The defendant raises the following issues on appeal:

1. Under the state of the evidence, did the trial court have a duty, sua sponte, to instruct the jury that Ingalls was an accomplice as a matter of law?

2. Was the prosecutor's cross-examination and jury argument directed to the defendant's pretrial silence reversible error?

3. Did the trial court properly instruct the jury on the issue of intent necessary for the crime of burglary?

4. Was the testimony of the owner of the stolen cameras as to their value admissible?

The defendant's first contention is based upon the proposition that where the evidence is clear and undisputed that a witness's participation in the crime for which the defendant is charged is such that the witness could be prosecuted for the same crime, it is for the court to determine whether that witness is an accomplice as a matter of law. This is undoubtedly a correct statement of the law. Cruz v. State, 40 Ariz. 436, 14 P.2d 247 (1932). It is equally correct that where, although there is evidence to connect the witness with the crime, the facts are disputed or susceptible to different inferences, the question as to whether that witness is an accomplice is for the jury to determine. Cruz v. State, supra. This case raises the interesting question of whether a witness's denial of criminal participation in the event coupled with his prior judicial plea of guilty to the crime arising out of that same event raises a disputed issue of fact as to the witness's status as an accomplice. The only case the court has been able to locate dealing with this specific problem is Hargrove v. State, 125 Ga. 270, 54 S.E. 164 (1906), which held:

"The jury had the right to accept as true the account given by [the witness] of the homicide and the circumstances leading up to and attending it; in which event he was not an accomplice. The only evidence which connected the witness with the homicide was his alleged admission of it and his conviction of the same murder. The witness denied he ever admitted killing the deceased. So the whole matter is resolved into the effect of his admission of having pleaded guilty to the indictment. . . . As between the state and the witness, his plea of guilty is conclusive of his guilt as a principal; but as between the state and the defendant on trial, it cannot be more effectual against the state than it would be against the defendant, and clearly he [the defendant] would not be bound by the plea."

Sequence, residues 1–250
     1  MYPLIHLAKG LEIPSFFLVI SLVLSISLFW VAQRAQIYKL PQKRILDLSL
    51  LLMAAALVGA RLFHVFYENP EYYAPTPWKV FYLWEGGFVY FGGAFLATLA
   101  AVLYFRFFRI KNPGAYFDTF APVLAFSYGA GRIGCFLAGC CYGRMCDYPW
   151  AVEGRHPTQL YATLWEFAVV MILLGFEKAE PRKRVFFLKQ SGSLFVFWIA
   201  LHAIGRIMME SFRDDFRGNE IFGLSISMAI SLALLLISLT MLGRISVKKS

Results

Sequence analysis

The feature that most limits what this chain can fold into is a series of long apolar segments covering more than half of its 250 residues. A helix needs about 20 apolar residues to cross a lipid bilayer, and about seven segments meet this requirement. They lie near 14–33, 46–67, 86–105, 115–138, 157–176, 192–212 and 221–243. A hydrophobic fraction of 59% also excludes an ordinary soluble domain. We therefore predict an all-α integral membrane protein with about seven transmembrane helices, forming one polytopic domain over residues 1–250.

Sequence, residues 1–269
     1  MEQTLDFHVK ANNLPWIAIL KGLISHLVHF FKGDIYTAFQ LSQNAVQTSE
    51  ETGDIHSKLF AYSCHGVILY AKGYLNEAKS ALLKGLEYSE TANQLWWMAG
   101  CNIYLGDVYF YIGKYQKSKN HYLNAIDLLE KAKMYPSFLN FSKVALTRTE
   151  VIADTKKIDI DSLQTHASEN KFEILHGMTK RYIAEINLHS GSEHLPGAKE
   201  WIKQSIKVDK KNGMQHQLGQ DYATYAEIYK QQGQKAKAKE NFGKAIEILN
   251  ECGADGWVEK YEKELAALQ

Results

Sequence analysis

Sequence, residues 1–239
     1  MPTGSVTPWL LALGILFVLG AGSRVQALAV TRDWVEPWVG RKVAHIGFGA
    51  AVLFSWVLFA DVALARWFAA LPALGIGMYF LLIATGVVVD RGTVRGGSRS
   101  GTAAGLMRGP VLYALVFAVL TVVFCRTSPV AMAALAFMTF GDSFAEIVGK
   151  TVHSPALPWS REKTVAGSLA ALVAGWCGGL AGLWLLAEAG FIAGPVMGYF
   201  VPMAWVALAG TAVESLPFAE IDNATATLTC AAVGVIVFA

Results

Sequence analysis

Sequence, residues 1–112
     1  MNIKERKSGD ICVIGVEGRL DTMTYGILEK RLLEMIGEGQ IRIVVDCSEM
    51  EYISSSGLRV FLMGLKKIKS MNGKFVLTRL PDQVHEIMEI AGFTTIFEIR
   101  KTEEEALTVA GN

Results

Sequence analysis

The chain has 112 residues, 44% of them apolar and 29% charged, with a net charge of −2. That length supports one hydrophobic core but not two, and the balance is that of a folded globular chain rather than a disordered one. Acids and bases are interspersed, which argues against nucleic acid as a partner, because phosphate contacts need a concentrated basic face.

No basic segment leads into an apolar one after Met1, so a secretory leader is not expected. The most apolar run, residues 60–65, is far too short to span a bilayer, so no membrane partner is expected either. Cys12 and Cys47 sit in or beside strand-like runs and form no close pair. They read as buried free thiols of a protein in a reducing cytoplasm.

* * * * * *

"The plea of guilty of the witness to the indictment may properly be considered by the jury in determining whether the witness was an accomplice, but the plea is not conclusive on this point [citation omitted]. Therefore, the judge properly left it for the jury to decide whether under the evidence the witness was an accomplice."

We believe the holding in Hargrove v. State, supra, is sound. Pleas of guilty may be entered for a number of reasons some unrelated to the issue of true guilt. See, North Carolina v. Alford, 400 U.S. 25, 91 S.Ct. 160, 27 L.Ed.2d 162 (1970). Moreover, a plea of guilty even as between the state and the witness may not be conclusive. See, Boykin v. Alabama, 395 U.S. 238, 89 S.Ct. 1709, 23 L.Ed.2d 274 (1969).

We therefore hold that the trial court properly submitted to the jury the issue of whether Ingalls was an accomplice. Having made this determination we do not decide what effect, if any, the failure of the defendant to object to the submission of this instruction to the jury may have.

The second issue raised by the defendant is that, even absent objection, the defendant may not be cross-examined concerning whether or not he had previously made known the story he now tells from the stand, citing State v. Greer, 17 Ariz. App. 162, 496 P.2d 152 (1972). How we decide this issue requires us to determine which of two conflicting holdings of the Arizona Supreme Court apply. In the case of State v. Shing, 109 Ariz. 361, 509 P.2d 698 (1973), decided May 7, 1973, the court, sitting in division, held on the issue of pretrial silence by the defendant that:

"To hold that a defendant may, after being warned of his rights to remain silent, have that silence used against him would nullify the warning required by Miranda, supra, and the warning would have to be amended to inform the defendant that not only what he says may be used against him, but what he doesn't say will also be used against him.

* * * * * *

"And we believe that it was fundamental error which was not waived by the failure of the defendant to object when the prosecutor commented upon defendant's silence after arrest." (But See, concurring opinion by this author in State v. Shing, 109 Ariz. 361, 509 P.2d 702-704).

On June 12, 1973, the Supreme Court, sitting in banc, in an unanimous opinion (including the two justices who comprised the majority in State v. Shing, supra), in the case of State v. Benton, 109 Ariz. 427, 510 P.2d 743 held:

"The defendant also claims that certain questions asked him during cross-examination and several statements made by the prosecutor during closing arguments constituted reversible error, even though not objected to at the time.